James Middleton

November 14, 2006

2 Min Read
BT to drop wholesale prices in summer

UK telco BT said Monday that it intends to reduce wholesale broadband pricing once 1.5 million lines have been unbundled. Last week the operator reported that over 1 million lines have already been unbundled.

The new prices, which are intended to come into effect from May 2007, are intended to give service providers an alternative to unbundling local lines.

The rental charge for the most highly used wholesale broadband product – BT IPstream – will be reduced by 9 per cent, coming down from £8.40 per line per month to £7.63. A second round of reductions are planned for January 2008.

A cessation charge is also set to be introduced for service providers ordering the termination of service on an end user’s line. This charge of £33.75 reflects the input costs from Openreach, BT said.

The cessation charge will not apply when a consumer wants to move from one service provider to another which uses the MAC process, with the aim being to encourage more service providers to participate in the MAC process.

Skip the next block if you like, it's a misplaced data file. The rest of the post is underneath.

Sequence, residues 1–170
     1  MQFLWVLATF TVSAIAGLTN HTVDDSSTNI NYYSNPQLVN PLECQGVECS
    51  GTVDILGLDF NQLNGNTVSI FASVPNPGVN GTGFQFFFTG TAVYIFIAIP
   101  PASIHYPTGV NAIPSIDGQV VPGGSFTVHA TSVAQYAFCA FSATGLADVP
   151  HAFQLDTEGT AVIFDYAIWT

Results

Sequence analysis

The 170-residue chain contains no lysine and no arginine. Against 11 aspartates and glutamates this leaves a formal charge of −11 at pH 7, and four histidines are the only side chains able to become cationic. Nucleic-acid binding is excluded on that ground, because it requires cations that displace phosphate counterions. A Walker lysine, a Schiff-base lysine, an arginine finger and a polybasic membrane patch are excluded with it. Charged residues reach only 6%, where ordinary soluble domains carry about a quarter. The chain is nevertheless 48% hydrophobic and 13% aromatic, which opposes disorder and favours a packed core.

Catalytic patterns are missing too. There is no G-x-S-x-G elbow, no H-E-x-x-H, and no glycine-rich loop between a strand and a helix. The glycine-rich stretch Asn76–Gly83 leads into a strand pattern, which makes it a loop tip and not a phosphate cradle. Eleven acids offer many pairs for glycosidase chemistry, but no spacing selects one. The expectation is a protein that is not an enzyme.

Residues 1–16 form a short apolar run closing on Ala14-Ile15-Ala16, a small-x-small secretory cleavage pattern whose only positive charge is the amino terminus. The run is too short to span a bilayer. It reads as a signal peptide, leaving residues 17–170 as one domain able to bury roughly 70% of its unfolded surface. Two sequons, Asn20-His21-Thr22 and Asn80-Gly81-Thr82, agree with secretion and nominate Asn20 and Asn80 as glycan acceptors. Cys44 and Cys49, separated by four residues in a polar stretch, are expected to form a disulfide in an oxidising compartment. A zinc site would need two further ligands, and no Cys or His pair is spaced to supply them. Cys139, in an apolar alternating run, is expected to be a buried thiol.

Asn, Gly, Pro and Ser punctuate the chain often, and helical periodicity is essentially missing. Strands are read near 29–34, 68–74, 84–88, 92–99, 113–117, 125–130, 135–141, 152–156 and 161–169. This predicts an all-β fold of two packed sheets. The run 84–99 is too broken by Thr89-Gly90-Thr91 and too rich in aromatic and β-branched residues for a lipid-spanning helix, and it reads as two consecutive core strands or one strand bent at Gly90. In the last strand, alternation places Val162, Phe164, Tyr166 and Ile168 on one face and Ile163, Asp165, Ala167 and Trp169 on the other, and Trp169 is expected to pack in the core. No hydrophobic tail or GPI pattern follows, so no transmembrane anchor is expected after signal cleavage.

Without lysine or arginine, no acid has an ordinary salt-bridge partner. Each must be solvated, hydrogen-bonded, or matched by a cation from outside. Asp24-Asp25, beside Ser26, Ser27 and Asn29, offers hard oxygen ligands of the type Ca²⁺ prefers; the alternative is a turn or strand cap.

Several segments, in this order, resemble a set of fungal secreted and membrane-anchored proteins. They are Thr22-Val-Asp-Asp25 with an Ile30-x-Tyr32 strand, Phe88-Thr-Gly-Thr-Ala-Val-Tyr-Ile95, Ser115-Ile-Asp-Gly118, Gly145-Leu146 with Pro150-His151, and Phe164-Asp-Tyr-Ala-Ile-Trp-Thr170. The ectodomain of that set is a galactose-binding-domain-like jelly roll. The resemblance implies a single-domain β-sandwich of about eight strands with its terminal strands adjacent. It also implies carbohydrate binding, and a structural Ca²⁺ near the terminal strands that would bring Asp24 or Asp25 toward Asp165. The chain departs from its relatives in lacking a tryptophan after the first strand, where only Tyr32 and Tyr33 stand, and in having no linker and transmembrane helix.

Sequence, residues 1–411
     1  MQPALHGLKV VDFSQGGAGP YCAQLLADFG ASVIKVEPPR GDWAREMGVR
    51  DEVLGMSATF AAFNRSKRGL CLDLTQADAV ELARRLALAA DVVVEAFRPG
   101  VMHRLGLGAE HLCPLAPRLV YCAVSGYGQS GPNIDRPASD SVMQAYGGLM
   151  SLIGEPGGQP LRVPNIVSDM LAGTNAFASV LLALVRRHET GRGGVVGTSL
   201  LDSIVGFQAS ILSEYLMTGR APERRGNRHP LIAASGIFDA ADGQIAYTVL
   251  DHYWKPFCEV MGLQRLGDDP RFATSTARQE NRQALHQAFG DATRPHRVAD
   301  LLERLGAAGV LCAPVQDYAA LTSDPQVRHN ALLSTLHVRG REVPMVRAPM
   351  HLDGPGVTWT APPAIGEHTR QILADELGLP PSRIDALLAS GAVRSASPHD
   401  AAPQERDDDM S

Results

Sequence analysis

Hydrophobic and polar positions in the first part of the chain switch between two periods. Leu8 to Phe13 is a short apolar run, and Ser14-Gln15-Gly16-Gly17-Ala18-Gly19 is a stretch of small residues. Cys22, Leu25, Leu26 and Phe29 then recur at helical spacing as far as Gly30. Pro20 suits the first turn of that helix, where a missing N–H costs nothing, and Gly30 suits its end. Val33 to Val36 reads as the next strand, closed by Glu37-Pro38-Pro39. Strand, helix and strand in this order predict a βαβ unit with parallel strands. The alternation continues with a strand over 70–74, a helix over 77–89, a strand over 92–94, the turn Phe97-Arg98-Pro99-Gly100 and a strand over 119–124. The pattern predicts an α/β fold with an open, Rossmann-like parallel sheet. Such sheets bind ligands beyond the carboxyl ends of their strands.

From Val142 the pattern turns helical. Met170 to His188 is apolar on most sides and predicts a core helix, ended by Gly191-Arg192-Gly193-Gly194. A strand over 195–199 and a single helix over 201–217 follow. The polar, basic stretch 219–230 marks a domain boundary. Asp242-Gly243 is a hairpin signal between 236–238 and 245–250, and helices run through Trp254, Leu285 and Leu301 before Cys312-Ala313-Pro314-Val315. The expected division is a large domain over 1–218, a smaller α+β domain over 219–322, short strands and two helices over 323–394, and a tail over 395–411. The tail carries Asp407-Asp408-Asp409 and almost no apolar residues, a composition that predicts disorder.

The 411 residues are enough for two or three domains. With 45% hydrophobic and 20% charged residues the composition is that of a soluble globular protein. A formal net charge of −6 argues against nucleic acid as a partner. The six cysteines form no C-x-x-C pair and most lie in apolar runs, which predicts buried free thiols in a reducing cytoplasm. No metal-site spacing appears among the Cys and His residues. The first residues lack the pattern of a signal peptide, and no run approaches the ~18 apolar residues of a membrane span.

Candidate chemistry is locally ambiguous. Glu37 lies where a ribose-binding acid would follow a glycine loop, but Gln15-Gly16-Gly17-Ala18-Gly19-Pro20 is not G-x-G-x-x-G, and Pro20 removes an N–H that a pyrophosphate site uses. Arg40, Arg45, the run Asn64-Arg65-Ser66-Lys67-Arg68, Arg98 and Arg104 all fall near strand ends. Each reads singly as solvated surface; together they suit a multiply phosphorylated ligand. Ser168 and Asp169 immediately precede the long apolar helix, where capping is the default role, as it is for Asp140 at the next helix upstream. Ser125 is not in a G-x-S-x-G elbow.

Cameron Rejali, BT Wholesale managing director for products and strategy, said: “These pricing proposals will help our ISP customers develop their business plans and compete effectively in the broadband market. The proposed prices better reflect the economies of scale and input costs we face, meaning we can deliver lower average costs to ISPs.”

BT Wholesale also said it intends to trial ADSL2+ technology in selected exchanges across the UK from the summer of 2007 as part of the upgrade to its 21CN. With planned speeds of up to 24Mbps, ADSL2+ is set to be available to almost half the UK from early 2008, with nationwide coverage linked to the rollout of 21CN.

But the news caused concern among the service provider community. A Tiscali spokesperson said that “without a review of Datastream pricing the new wholesale IPStream pricing must surely fail the margin squeeze test determined by the regulator to encourage deeper competition.

“In addition it is hard to understand and justify the new £33.75 cease charge, when it has never been levied before,” Tiscali said.

About the Author(s)

James Middleton

James Middleton is managing editor of telecoms.com | Follow him @telecomsjames

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